Several men and women have been allegedly detained by authorities in Russia’s Chechnya on suspicion of being gay, LGBT-rights activists said on Friday.
According to NBC News, activist Igor Kochetkov told the Associated Press that there has been a spike in detentions since December 2018. Although Kochetkov didn’t determine the exact number of people who have been detained, he said that a detailed report on the ongoing purge will be released on Monday.
Similar incidents took place in April 2017 when the independent Russian newspaper Novaya Gazeta revealed that around 200 men were detained in Chechnya on suspicion of homosexuality. Activists said that detainees were tortured and some were even killed. According to the report, mass detentions took place in Grozny, Kurchaloyevsky, and Shali districts of Chechnya and none of the detainees were charged with a crime. Instead, they were detained in the basements and outbuildings of police departments.
The allegations have been denied by Chechen authorities and an investigation into the matter by federal authorities couldn’t produce any evidence to establish the claims. However, when gay men were detained last year, a former detainee named Maksim Lapunov — the first person to openly identify as a victim — testified against the persecution.
According to a report by the Organization for Security and Co-operation in Europe OSCE, Mr. Lapunov was detained in a “police torture cell” for 12 days where he was beaten and tortured. Per his account, other people in detention were also tortured, but his life was saved because his sister lodged a complaint against his missing status. NBC News added that Lapunov was released after he signed a document acknowledging that he was a homosexual. He was also threatened that he would be killed if he spoke to anyone about his time in detention.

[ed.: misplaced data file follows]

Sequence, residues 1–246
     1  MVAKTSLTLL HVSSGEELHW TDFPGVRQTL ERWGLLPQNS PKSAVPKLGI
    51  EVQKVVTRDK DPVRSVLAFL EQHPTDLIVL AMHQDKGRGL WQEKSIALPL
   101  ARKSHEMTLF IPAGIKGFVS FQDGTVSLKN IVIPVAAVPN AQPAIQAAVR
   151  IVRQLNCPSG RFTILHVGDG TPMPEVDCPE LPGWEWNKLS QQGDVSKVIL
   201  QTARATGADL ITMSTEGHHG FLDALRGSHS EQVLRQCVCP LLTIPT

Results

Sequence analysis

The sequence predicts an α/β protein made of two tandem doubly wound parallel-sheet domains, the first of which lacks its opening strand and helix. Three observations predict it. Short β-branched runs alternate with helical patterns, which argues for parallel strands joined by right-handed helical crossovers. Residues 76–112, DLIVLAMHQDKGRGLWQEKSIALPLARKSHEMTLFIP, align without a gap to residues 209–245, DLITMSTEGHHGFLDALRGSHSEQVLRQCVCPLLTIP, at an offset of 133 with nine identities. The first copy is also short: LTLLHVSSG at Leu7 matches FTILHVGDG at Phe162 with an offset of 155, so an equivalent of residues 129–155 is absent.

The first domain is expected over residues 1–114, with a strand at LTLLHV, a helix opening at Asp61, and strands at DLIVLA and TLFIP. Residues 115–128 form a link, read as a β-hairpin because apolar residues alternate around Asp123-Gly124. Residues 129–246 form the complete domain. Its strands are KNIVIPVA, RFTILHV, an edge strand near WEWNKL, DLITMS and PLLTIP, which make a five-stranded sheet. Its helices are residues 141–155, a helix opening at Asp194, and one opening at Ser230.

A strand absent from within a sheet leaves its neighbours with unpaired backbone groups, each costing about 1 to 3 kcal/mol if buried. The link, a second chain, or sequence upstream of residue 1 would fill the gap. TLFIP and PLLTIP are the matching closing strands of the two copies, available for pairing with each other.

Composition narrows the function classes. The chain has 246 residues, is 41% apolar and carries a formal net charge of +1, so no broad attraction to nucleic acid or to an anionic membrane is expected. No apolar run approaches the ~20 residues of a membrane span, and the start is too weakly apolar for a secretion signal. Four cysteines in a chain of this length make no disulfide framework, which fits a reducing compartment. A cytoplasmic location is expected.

Reports of a fresh anti-gay purge in Chechnya follows OSCE rapporteur's call last month for an investigation into the 1st purge – and specifically into the case of Maksim Lapunov, the first & only person to publicly identify himself as a victim. https://t.co/iuMf8erQLM pic.twitter.com/tSm68mP4y2
— Carl Schreck (კარლ შრეკი) (@CarlSchreck) January 11, 2019
According to an article by Radio Free Europe, Mr. Lapunov said the following.
“Everyone accused me of being gay and said that people like me should be killed. They put a plastic bag on my head when they took me out of the cell. They wrapped my head with Scotch tape, leaving only a slot to breathe through. They beat my legs and arms.”
On social media, activists showed their outrage against the alleged detentions. While most people vehemently condemned the purge, calling the incident “horrible” and “height of human rights violation,” some came for the support of the state.
“[Gay people are] killed only if they do their ‘business’ in open..and keep disgracing [their] own families despite warnings. The [disappearances] are done by relatives and in secret. NOT by the State in the open,” one supporter said on Twitter.